In Picart's words: "The driving thesis of this book is that the disease that em powers and disempowers Nietzsche's philosophy is ressentiment. For those who might wonder about Nietzsche's alleged ressentiment he was, after all, the author of this particular theory of modernist criticismPicart makes it clear that there are no sacred cows in her approach; not only is Nietzsche himself "irremediably diseased and decadent," but the fundamental dichotomy of his political philosophy, namely, the opposition between health and disease, is itself "rotten to the core" Picart regards Nietzsche's "gendered mythology" as a key to the symptomatology of his "politics linked with aesthetics" 6.

Interestingly, Picart reads Nietzsche's references to nature as a reference to Demeter, and finds the beginnings of Nietzsche's ambivalence toward the feminine evidenced in the way he rewrites Demeter's desire.

For in Nietzsche's version of the myth, according to Picart, Demeter's joy at being reunited with her daughter is transformed into a desire to birth Dionysus—a not so innocent erasure of a feminine genealogy Reading Nietzsche is never a straightforward affair; statements that appear degrading, for example, the charge that women are superficial, take on ambiguous and positive meanings within the context of Nietzsche's critique of metaphysics.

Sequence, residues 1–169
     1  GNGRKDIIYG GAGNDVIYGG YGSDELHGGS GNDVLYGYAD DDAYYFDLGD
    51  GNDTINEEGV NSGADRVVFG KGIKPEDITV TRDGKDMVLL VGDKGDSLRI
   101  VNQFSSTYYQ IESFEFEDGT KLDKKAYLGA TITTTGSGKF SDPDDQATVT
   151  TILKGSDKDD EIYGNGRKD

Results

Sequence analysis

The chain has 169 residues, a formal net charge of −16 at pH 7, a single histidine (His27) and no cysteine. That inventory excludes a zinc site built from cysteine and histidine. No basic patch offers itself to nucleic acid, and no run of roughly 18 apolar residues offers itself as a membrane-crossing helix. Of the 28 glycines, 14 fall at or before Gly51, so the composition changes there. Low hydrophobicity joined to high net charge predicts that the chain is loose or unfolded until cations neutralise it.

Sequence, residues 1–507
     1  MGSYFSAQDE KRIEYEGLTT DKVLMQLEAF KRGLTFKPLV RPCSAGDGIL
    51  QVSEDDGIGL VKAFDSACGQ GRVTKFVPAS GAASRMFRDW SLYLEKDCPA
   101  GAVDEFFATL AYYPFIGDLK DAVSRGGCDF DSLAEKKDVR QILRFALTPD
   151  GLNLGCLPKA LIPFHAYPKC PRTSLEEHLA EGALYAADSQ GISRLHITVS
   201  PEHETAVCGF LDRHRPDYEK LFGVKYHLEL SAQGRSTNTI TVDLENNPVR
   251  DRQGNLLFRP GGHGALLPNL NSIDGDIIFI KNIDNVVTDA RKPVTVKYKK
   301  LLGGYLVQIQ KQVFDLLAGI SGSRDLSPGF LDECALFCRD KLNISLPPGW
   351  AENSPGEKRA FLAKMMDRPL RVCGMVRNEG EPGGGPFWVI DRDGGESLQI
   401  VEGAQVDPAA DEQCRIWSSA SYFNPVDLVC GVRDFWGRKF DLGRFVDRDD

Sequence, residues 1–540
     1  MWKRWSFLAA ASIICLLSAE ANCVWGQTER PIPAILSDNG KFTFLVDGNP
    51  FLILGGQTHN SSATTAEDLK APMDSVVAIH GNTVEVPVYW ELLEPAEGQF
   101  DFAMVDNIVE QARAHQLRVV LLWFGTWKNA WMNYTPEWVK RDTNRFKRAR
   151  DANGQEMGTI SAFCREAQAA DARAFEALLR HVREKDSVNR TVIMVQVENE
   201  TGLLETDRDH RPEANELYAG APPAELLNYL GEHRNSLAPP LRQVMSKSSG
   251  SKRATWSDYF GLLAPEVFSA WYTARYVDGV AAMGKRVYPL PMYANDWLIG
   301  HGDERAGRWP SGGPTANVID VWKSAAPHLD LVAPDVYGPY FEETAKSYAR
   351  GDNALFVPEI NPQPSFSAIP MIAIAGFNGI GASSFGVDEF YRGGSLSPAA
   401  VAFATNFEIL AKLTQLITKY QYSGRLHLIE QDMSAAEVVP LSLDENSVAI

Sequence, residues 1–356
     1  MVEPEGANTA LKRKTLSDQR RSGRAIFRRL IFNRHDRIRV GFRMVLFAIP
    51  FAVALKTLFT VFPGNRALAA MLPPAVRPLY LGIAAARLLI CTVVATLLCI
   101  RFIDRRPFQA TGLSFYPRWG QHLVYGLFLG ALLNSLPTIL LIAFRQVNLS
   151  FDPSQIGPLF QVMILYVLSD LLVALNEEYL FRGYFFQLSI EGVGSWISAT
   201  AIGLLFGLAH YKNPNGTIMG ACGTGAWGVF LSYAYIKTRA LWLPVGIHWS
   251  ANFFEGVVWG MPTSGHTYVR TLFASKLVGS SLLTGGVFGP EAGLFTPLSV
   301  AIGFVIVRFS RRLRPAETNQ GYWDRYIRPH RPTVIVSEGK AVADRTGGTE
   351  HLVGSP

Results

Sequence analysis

Picart says that she is not interested in establishing membership in any of these camps. ISBN Access options available:.

The assertion that the question of the feminine, like the issues of politics and aesthetics, is crucial to Nietzsche's philosophical agenda is, however, somewhat contentious. The first claim is relatively unproblematic.